September 12, 2015

PARES - Portal to Spain's Archives - Part 2

So since I ended my prior post and didn't go further into details, I'm going to explain one more piece that I didn't elaborate when searching in PARES.  You can check out my prior post at the below link.  As a reminder, this entire blog works using pop-ups.  Any link I provide always opens a new window and keeps the page your reading in the background or on another tab; depending on how you have your computer configured. I failed to explain one other mention in my prior post; SEO.  SEO is the acronym for Search Engine Optimization. The process is used to insure that any term or sub-term can return a record as being similar to what you asked. The most relevant always appear first.

Part 1 of PARES 

So another issue that I touched upon was what to do when you get a page that tells you your request is too large.  To see what that screen looks like, take a look at the below image.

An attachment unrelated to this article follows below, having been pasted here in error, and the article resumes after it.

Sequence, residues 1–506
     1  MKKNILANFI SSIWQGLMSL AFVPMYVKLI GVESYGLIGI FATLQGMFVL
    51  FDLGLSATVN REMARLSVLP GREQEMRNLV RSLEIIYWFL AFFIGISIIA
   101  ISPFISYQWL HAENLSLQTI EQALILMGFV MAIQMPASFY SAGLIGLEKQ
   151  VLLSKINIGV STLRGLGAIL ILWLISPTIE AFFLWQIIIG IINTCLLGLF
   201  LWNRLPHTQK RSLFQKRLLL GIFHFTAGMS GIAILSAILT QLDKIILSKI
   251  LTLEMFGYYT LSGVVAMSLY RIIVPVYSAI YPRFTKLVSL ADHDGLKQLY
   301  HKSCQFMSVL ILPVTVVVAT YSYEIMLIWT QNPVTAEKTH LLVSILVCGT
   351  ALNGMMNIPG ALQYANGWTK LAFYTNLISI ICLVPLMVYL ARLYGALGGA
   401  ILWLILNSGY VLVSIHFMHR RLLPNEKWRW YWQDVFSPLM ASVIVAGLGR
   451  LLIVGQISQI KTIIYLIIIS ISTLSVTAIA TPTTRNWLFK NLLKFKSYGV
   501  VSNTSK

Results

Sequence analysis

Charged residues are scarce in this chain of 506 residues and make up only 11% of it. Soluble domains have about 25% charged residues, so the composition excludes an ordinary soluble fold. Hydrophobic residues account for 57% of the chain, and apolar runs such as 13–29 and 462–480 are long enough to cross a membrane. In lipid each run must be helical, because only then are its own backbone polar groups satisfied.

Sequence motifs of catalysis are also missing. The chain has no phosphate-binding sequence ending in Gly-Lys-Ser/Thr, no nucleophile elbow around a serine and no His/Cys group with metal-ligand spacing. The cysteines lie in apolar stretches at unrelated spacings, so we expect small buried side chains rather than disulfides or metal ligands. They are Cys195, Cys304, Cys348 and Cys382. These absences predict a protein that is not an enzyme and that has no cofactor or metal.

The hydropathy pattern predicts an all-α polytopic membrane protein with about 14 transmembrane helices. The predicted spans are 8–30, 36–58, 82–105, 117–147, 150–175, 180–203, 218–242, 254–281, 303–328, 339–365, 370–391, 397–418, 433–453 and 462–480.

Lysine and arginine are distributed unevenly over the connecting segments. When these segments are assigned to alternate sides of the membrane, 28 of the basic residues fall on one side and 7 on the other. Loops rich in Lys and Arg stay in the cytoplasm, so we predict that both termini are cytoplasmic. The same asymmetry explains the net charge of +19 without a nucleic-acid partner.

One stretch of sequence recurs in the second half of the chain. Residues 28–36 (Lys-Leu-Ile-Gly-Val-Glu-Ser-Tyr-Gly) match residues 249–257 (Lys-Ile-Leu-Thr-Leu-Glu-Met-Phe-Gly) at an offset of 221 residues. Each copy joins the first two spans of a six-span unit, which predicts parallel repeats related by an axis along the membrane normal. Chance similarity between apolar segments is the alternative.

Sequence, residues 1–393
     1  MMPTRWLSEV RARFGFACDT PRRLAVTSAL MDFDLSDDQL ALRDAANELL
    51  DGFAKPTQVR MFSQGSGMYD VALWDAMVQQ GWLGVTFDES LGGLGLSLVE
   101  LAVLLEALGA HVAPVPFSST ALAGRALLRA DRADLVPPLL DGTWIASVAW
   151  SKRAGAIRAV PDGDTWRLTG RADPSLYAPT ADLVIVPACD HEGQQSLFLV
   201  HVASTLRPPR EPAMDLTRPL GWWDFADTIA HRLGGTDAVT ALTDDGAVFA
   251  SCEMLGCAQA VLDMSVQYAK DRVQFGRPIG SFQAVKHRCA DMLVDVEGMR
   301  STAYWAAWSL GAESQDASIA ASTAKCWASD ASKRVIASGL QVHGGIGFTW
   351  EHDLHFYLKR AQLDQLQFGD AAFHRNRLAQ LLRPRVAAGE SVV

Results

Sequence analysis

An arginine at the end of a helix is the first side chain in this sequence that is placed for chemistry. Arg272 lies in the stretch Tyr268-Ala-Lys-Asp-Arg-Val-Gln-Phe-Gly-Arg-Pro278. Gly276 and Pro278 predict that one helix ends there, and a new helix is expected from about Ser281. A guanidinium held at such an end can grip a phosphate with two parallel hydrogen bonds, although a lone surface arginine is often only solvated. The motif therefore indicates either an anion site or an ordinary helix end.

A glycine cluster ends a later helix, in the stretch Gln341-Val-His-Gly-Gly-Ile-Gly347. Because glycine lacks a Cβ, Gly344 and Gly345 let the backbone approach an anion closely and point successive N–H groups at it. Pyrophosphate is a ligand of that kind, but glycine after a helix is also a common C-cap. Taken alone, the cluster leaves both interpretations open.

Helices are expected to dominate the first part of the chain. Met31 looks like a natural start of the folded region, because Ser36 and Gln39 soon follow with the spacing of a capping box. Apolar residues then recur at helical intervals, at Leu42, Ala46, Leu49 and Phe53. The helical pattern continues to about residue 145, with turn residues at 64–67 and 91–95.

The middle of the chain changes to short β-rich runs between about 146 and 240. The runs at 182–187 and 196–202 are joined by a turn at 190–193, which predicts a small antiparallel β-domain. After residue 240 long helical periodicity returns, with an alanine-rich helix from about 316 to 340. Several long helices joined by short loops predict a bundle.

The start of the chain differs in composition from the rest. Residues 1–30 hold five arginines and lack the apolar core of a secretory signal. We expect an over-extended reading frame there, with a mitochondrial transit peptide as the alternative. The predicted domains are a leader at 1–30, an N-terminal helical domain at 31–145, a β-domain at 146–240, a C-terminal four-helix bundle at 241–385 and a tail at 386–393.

Remember always use the "Atras" button and never the back button on your browser; PARES won't operate properly.  So what I do is I try two things.  First, I select digitized images only (see prior post).  If I get the above window again. I then use the "Atras" button to get back to the prior page and select 100 years but leaving the digitized images selected.  If that works then I jot down which years I did.  I go ahead and go through the records. Once done, I use the "Atras" button until I get back to the search window and enter the next 100 years and so on and so forth.  Now if 100 years still give you the above image then try 50 years.  When I'm all done I go back and then select the non-digitized images and go through that entire process again. The great thing is that you may come across a summary that provides enough information about your ancestor.  Not only was I able to find my Teresa Cueto this way but I was also able to located another great grandfather; Francisco Delgado and the many document available. There is even a document of what men were in the city of San Juan or Cangrejo to protect it in Francisco's letter to the crown.  Some really cool amazing stuff can be found on your ancestors in PARES.  All you need is a little patience and time sitting down thinking up terms to come across the records.  Below I'm also supplying the image records of Teresa Cueto.  I hope these posts have help you understand that it's not you but PARES.